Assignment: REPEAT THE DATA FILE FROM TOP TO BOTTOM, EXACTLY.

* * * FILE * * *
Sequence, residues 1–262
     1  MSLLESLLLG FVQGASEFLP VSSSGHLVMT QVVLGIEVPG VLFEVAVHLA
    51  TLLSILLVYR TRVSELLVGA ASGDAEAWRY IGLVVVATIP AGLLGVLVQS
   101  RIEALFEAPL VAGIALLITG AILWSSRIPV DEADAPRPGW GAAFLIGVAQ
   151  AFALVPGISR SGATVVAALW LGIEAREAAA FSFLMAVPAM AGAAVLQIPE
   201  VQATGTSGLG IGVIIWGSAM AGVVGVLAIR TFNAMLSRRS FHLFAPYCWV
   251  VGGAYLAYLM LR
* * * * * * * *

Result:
Sequence, residues 1–262
     1  MSLLESLLLG FVQGASEFLP VSSSGHLVMT QVVLGIEVPG VLFEVAVHLA
    51  TLLSILLVYR TRVSELLVGA ASGDAEAWRY IGLVVVATIP AGLLGVLVQS
   101  RIEALFEAPL VAGIALLITG AILWSSRIPV DEADAPRPGW GAAFLIGVAQ
   151  AFALVPGISR SGATVVAALW LGIEAREAAA FSFLMAVPAM AGAAVLQIPE
   201  VQATGTSGLG IGVIIWGSAM AGVVGVLAIR TFNAMLSRRS FHLFAPYCWV
   251  VGGAYLAYLM LR